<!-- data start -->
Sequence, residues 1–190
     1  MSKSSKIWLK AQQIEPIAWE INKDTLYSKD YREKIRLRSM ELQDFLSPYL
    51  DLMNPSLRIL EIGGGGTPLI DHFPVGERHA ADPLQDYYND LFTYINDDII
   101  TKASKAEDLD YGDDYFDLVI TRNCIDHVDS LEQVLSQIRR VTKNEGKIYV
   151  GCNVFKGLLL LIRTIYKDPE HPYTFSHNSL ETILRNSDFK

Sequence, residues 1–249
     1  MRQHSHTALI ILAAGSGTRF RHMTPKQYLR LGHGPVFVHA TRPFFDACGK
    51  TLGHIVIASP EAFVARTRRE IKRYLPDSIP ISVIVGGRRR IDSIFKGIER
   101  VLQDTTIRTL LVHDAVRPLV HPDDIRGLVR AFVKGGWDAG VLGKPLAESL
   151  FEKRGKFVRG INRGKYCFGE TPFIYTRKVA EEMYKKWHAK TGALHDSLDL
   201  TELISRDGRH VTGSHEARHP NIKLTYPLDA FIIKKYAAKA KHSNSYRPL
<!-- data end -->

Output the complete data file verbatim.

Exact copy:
Sequence, residues 1–190
     1  MSKSSKIWLK AQQIEPIAWE INKDTLYSKD YREKIRLRSM ELQDFLSPYL
    51  DLMNPSLRIL EIGGGGTPLI DHFPVGERHA ADPLQDYYND LFTYINDDII
   101  TKASKAEDLD YGDDYFDLVI TRNCIDHVDS LEQVLSQIRR VTKNEGKIYV
   151  GCNVFKGLLL LIRTIYKDPE HPYTFSHNSL ETILRNSDFK

Sequence, residues 1–249
     1  MRQHSHTALI ILAAGSGTRF RHMTPKQYLR LGHGPVFVHA TRPFFDACGK
    51  TLGHIVIASP EAFVARTRRE IKRYLPDSIP ISVIVGGRRR IDSIFKGIER
   101  VLQDTTIRTL LVHDAVRPLV HPDDIRGLVR AFVKGGWDAG VLGKPLAESL
   151  FEKRGKFVRG INRGKYCFGE TPFIYTRKVA EEMYKKWHAK TGALHDSLDL
   201  TELISRDGRH VTGSHEARHP NIKLTYPLDA FIIKKYAAKA KHSNSYRPL